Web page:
“Growth in digital movie transactions is being driven, in part, by access to TV-connected devices as an increasing number of viewers can simply buy and rent movies right in their living room,” John Buffone, executive director, industry analyst, NPD Connected Intelligence, said in a statement. “While greater access begets consumption, certain digital movie providers facilitate ownership over renting.”

Among the top five digital movie providers, iTunes users have the highest propensity to buy over rent, because Apple’s movie consumers are more affluent and more apt to collect movies. In the 12-months ending August 2018, nearly 24% of iTunes movie transactions were motivated by a desire to build a digital collection, leading to more buying than renting, according to NPD’s VideoWatch Digital service.

Vudu customers were also more ownership focused than the average video consumer, as such 20% of transactions were motivated by collecting. In contrast collecting movies only drove 13% of Amazon Video digital movie transactions, 9% of Google Play movie transactions, and 4% of Microsoft Store movie transactions.

“It’s long been known that collectability drives ownership and that’s no difference in the digital era,” said Ricardo Solar, president of media entertainment for NPD. “Movie fans will always want to own great films, as such, provider agnostic services like Movies Anywhere are critical for enabling digital sales growth.”

 

 

Sling TV Offering Free, à La Carte Programming Without Subscription

Sling TV June 28 became the first online TV service to offer free content, à la carte channels, plus transactional live events and digital movie purchases, without requiring a base monthly subscription.

The new service is available to returning Sling customers on Roku devices. The updated options will expand to additional Sling-supported streaming media devices in the near future.

“The new Sling evolves the experience even further by providing access to great content without anchoring customers to a base subscription,” Warren Schlichting, president of Sling TV, said in a statement.

Upon re-opening the Sling TV app, former subs can access more than 100 hours of free TV shows and movies without restarting their subscription. Ribbons within the “My TV” interface dedicated to free shows and movies include, “Wrecked,” “The Detour,” “Good Behavior,” and “Flip or Flop,” among others.

Users can purchase select channels in an à la carte fashion and watch them through the Sling TV app without a subscription.

Channels available as à la carte subscriptions range from Showtime, to on-demand channels and sports packages.

Additions include Cinedigm’s Dove Channel, Outside TV Features and Stingray Karaoke, joining à la carte on-demand channels CuriosityStream, Pantaya and Up Faith & Family.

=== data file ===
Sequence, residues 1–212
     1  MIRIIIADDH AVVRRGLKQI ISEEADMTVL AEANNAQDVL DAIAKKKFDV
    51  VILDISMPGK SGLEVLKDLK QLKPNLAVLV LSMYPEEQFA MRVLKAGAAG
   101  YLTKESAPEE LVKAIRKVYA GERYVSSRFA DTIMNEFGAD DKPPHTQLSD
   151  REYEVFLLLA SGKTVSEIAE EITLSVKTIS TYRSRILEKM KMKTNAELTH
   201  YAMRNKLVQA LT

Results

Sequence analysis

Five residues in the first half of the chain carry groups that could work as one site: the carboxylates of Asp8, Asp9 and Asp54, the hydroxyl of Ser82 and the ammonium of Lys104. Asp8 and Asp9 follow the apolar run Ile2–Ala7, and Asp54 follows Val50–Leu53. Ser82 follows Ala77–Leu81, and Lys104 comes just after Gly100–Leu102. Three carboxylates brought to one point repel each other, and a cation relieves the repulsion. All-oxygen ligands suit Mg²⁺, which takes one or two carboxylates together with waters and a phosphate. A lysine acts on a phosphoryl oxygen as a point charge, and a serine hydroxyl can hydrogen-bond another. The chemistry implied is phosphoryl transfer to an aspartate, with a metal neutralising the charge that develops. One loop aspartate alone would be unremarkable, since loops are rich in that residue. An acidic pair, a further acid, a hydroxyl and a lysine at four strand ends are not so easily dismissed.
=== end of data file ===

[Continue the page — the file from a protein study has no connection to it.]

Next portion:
Each channel can be purchased month-to-month and accessed through the Sling TV app alongside free shows and other purchased content.

Monthly pricing for à la carte channels includes Showtime ($10); CuriosityStream ($6); Stingray Karaoke ($7); Dove Channel ($5); Outside TV Features ($5); Up Faith & Family ($5); Pantaya ($6), and NBA League Pass: $28.99

Sling TV was the first online TV service to offer pay-per-view (PPV) events, and has presented more than 15 events since 2017, including UFC fights and boxing matches.

Consumers can now access PPV events as a one-time purchase without purchasing a Sling TV subscription. Users can choose to use Sling TV solely for their PPV events or combine their PPV purchases with any of Sling TV’s base subscriptions.

In addition to the PPV UFC and boxing matches, users also have the option to purchase digital movies.

 

Apple Q2 Services Revenue Increases 31%

Apple May 2 reported second-quarter (ended March 31) “services” revenue of $9.1 billion, which was up 31% from revenue of $7 billion during the previous-year period.

Services includes revenue from digital content and services (i.e. iTunes Store selling/renting movies, TV shows, audiobooks and music); Apple Music subscription service, AppleCare (warranty), Apple Pay, App Store, licensing and other services.

Through six months, revenue is up 24% to $17.6 billion, compared to $14.2 billion last year. Services revenue represented 15% of total revenue in the quarter compared to 13% in the previous-year period. The segment generated 12% of total revenue through six months, compared to 11% last year.

Apple attributed the increase primarily licensing, App Store and iCloud – not digital content sales. Indeed, last summer The Wall Street Journal reported iTunes’ market share selling/renting video content had dropped below 25% from above 50% in 2012.

The decline is due in part to increased SVOD use among consumers, in addition to increased competition from Amazon Instant Video and Comcast – the latter the first pay-TV operator to sell/rent movies and TV shows.

Meanwhile, Apple sold $38 billion worth of iPhones, $4.1 billion in iPads and $5.8 billion in Mac computers, which was up 14% and 6%, respectively, for iPhones and iPads. Mac sales remained flat.